The gang murmured an angry assent37, and bent to their work again. Rod by rod they worked their way down the track, lifting, straining, tamping38 down the gravel. Occasionally a train thundered past, and they stood aside, leaning on their tools, glad of the moment’s rest. At last, away in the distance, Allan caught the faint sound of blowing whistles and ringing bells. The foreman took out his watch, looked at it, and closed it with a snap.
 
“Come on, boys,” he said. “It’s dinner-time!”
 
They went back together to the hand-car at the side of the road, which was their base of supplies, and slowly got out their dinner-pails. Allan was sent with a bucket to a farmhouse39 a quarter of a mile away to get some fresh water, and, when he returned, he found the men already busy with their food. They drank the cool water eagerly, for the hot sun had given them a burning thirst.
 
“Set down here,” said the foreman, “an’ dip in with me. I’ve got enough fer three men.”
 
And Allan sat down right willingly, for his stomach was protesting loudly against its continued state of emptiness. Never did cheese, fried ham, boiled eggs, bread, butter, and apple pie taste better. The compartment40 in the top of the dinner-pail was filled with coffee, but a share of this the boy declined, for he had never acquired a taste for that beverage41. At last he settled back with a long sigh of content.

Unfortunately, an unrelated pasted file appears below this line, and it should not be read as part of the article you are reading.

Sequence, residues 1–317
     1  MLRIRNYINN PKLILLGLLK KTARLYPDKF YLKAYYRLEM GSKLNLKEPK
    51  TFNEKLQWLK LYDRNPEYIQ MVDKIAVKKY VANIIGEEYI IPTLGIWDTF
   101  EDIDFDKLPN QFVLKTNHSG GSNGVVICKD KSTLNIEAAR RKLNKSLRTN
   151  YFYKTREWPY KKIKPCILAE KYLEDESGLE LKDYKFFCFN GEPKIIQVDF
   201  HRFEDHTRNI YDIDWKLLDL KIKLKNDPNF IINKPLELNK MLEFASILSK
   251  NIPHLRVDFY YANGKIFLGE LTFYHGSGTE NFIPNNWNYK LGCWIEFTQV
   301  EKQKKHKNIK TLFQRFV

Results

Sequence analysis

“That went t’ th’ right place, didn’t it?” asked Jack, with twinkling eyes.
 
“That it did!” assented42 Allan, heartily43. “I don’t know what I’d have done if you hadn’t taken pity on me,” he added. “I was simply starving.”
 
“You had your breakfast this mornin’, didn’t y’?” demanded Jack, sharply.
 
Allan coloured a little under his fierce gaze.
 
“No, sir, I didn’t,” he said, rather hoarsely44. “I couldn’t find any work to do, and I—I couldn’t beg!”
 
Jack looked at him without speaking, but his eyes were suspiciously bright.
 
“So you see, I just had to have this job,” Allan went on. “And now that I’ve got it, I’m going to do my best to keep it!”